This site is a compendium of R code meant to highlight the various uses of simulation to aid in the understanding of probability, statistics, and study design. I frequently draw on examples using my R package `simstudy`

. Occasionally, I opine on other topics related to causal inference, evidence, and research more generally.

simstudy version 0.2.1 has just been submitted to CRAN. Along with this release, the big news is that I’ve been joined by Jacob Wujciak-Jens as a co-author of the package. He initially reached out to me from Germany with some suggestions for improvements, we had a little back and forth, and now here we are. He has substantially reworked the underbelly of simstudy, making the package much easier to maintain, and positioning it for much easier extension.
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## Permuted block randomization using simstudy

Along with preparing power analyses and statistical analysis plans (SAPs), generating study randomization lists is something a practicing biostatistician is occasionally asked to do. While not a particularly interesting activity, it offers the opportunity to tackle a small programming challenge. The title is a little misleading because you should probably skip all this and just use the blockrand package if you want to generate randomization schemes; don’t try to reinvent the wheel.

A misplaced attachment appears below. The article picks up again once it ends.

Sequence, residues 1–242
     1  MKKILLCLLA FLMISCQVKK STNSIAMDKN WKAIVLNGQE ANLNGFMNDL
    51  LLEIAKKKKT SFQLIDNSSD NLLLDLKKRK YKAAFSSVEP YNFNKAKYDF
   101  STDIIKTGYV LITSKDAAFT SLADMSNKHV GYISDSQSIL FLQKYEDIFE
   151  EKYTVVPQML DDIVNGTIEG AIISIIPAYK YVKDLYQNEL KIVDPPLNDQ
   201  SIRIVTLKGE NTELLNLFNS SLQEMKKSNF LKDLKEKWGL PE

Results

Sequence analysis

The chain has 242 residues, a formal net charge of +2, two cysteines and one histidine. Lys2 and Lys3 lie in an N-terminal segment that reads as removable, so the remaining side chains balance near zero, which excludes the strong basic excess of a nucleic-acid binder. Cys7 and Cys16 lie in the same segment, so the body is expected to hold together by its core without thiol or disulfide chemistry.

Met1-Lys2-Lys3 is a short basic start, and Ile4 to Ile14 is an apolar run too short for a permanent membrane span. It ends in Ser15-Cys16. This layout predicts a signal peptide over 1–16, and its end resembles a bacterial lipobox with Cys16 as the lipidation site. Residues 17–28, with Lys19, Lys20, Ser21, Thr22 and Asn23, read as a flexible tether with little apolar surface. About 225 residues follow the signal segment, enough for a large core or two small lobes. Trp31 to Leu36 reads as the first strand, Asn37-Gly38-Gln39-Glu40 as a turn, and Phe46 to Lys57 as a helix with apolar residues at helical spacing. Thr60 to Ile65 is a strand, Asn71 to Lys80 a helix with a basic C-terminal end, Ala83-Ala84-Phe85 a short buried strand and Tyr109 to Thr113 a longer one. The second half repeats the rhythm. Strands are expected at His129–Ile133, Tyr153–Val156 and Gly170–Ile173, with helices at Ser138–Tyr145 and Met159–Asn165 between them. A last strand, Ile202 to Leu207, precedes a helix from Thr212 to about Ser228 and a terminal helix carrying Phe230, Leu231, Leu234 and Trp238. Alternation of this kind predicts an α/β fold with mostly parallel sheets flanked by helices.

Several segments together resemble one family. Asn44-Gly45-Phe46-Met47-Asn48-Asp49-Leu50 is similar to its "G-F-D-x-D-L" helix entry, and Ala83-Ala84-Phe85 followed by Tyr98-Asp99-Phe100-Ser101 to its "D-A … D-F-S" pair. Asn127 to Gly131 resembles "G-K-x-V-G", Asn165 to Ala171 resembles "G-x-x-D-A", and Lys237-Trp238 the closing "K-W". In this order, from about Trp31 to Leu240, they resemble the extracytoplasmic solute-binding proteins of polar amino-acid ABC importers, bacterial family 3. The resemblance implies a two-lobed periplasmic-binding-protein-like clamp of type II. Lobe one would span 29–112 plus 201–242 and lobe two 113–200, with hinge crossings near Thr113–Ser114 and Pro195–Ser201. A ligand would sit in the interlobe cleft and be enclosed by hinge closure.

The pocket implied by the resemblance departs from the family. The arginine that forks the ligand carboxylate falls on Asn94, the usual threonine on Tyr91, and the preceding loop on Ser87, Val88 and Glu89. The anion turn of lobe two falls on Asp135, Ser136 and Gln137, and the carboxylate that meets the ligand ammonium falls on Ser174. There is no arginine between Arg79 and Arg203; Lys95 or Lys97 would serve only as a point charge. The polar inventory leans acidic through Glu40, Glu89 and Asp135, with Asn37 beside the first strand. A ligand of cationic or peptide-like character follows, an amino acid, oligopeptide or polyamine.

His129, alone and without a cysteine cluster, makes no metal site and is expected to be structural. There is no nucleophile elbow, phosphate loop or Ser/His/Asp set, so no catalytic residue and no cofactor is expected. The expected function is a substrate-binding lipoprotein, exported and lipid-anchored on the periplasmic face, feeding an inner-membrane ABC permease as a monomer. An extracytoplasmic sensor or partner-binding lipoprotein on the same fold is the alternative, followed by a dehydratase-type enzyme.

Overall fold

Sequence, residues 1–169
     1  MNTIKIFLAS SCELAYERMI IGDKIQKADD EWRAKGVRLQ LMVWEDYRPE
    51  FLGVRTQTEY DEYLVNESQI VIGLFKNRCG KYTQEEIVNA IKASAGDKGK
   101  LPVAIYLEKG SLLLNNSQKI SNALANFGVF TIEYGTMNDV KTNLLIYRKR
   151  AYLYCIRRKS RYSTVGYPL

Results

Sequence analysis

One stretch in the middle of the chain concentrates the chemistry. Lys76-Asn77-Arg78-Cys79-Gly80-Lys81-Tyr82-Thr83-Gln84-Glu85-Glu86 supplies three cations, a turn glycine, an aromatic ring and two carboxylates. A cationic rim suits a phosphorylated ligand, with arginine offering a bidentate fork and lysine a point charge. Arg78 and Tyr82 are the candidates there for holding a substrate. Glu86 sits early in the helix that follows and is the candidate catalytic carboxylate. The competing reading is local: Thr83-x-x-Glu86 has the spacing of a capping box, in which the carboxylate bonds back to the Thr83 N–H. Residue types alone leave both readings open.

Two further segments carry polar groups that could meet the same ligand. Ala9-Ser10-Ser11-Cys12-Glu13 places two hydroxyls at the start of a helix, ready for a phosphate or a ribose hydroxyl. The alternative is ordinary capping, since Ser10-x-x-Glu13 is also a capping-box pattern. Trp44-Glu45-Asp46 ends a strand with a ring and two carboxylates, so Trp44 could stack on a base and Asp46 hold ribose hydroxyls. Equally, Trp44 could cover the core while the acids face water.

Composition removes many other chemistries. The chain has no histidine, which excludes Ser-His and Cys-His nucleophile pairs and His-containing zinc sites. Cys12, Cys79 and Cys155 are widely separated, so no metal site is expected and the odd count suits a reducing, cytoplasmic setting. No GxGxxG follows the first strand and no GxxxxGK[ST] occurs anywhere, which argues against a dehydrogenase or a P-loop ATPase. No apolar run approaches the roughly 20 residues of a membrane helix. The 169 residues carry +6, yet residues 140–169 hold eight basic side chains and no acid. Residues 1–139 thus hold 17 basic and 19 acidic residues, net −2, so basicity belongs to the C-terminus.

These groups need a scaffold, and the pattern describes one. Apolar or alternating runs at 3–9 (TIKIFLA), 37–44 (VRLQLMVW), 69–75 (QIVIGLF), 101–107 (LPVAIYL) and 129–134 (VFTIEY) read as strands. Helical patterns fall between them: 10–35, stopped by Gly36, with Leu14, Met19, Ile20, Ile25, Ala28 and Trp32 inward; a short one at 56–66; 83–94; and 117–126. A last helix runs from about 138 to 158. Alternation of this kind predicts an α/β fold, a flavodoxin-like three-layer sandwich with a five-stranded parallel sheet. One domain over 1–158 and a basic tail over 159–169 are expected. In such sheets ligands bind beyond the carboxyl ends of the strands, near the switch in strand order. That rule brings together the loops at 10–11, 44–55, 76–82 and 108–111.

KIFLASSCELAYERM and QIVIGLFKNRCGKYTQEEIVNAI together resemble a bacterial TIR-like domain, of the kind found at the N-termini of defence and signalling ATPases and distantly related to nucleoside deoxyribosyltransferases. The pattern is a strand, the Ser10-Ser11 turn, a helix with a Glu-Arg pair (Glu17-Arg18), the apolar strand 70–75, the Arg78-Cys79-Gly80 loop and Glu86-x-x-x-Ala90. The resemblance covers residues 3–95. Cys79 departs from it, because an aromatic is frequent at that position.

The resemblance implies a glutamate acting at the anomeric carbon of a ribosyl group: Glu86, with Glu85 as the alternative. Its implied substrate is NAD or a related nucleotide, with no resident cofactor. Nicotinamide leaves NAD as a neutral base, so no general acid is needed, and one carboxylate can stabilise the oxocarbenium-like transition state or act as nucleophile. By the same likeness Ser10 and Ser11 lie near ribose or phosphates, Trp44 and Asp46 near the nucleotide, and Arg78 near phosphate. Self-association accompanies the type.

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## Generating probabilities for ordinal categorical data

Over the past couple of months, I’ve been describing various aspects of the simulations that we’ve been doing to get ready for a meta-analysis of convalescent plasma treatment for hospitalized patients with COVID-19, most recently here. As I continue to do that, I want to provide motivation and code for a small but important part of the data generating process, which involves creating probabilities for ordinal categorical outcomes using a Dirichlet distribution.
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## Diagnosing and dealing with degenerate estimation in a Bayesian meta-analysis